That’s how Southwest Flight attendant Marty Cobb began her stand-up comedy/flight instruction presentation to a plane crammed with weary commuters. In barely three minutes, she turned the drudgery of budget air travel into a genuinely funny experience. Her efforts won her a round of applause, and likely would have netted her a standing ovation, had the passengers not been secured with their “seatbelts pulled snug across your lap, the way my grandma wears her support bra.”

The routine also earned her more than just a little fame. In April, while I was busy flying to job interviews on decidedly boring Delta flights, Cobb’s video was gathering more than two million hits on YouTube. She even did the talk show circuit, including her personal favorite, Ellen.

But don’t get too caught up in the stardom or even humor itself, wonderful though it is. Realize for a moment what Marty Cobb is doing. She isn’t just making people laugh. She’s doing her job. She’s getting the passengers on her side before they can get cranky and demanding. She’s making the safety procedures that many fliers have heard a hundred dreary times come alive. She has created an emotional imprint tied to the procedures. If an emergency occurs, people are more likely to remember what to do.

Turns out that a lot of Southwest flight attendants have routines similar to this one, whether in comedy or song or rap. The company complies with TSA standards and tests their employees for competence. But they also allow them the freedom to both enjoy their work and bring others into that circle of fun.

Why don’t more of us do this? Why don’t we incorporate humor as a way of making our message stick? Why can’t we laugh at ourselves and the occasional absurdity of our jobs, and why can’t our employers let us poke fun at them if it accomplishes our organizational goal?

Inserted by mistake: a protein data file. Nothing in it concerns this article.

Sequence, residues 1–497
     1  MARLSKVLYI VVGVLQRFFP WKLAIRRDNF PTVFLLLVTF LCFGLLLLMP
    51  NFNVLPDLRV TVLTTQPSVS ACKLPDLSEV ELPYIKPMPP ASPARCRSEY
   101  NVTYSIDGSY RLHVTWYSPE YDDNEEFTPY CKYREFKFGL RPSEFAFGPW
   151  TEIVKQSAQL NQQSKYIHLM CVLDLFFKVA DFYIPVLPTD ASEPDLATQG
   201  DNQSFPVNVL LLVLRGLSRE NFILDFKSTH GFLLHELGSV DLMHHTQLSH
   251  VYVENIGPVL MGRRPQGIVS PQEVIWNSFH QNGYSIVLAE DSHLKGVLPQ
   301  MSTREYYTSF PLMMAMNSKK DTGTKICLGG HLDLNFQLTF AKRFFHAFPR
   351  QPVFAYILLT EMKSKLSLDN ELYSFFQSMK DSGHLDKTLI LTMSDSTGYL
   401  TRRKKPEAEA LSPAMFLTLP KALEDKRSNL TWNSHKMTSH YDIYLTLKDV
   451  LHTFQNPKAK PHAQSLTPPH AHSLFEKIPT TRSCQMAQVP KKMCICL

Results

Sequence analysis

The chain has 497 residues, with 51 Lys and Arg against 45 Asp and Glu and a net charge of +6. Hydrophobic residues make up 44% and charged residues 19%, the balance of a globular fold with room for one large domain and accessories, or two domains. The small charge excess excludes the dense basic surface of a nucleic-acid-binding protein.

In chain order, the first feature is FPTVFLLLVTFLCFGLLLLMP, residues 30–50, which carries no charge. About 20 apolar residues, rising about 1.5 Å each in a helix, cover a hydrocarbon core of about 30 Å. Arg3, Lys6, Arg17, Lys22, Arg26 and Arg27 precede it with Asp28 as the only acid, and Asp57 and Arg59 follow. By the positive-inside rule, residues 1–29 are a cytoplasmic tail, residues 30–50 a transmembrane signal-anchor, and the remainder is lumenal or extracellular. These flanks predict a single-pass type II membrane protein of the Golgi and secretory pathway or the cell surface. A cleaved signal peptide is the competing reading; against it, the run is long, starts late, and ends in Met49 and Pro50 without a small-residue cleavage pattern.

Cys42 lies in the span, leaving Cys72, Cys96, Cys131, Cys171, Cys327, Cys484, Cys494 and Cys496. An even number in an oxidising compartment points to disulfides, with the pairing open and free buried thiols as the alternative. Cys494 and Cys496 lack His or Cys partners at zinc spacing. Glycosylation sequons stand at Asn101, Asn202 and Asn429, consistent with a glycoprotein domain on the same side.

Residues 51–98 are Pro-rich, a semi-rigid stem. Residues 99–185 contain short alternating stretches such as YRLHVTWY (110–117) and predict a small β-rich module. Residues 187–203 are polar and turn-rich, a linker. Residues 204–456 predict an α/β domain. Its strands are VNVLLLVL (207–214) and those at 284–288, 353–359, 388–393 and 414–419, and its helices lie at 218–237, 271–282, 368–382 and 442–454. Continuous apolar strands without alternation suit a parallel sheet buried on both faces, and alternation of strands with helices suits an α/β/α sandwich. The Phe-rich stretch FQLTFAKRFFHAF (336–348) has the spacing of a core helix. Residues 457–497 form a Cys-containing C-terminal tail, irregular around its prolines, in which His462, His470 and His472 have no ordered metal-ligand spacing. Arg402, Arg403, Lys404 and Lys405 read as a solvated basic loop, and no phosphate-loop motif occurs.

I don’t have a good answer for that, except that maybe we take ourselves too seriously. Or, better said, that we spend too much time on ourselves, period.

I can see where I’ve fallen into this in recent months, perhaps not without reason. When you’re fighting to keep your head above water, it’s hard to pay attention to anything else.

But often the “anything else” turns out to be the most important thing. It’s only by learning to look around that we find things that surprise us or inspire us or make us laugh.

A writing instructor once told me that a good writer doesn’t hand an idea to the reader. Rather, he or she grabs the reader by the wrist and says, “Come on! You gotta see this for yourself.” Marty Cobb did this for her passengers, and in turn for millions of social media users. She made us laugh, and in so doing reminded us to pay attention.

Humor taken to heart just might save our lives.

Looking Over Loss

When my wife and I decided in April to move to Dakota Wesleyan University, we were too numb to feel much beyond relief. After months of grief and uncertainty, it just felt good to know what was going to happen, to be able to exercise some sort of control over our situation—something sorely lacking among ARUMC campus ministers of late.

The last two weeks, however, remind me of waking up after getting my wisdom teeth removed. Once the anesthetic fog began to clear, I realized just how painful this whole endeavor was going to be.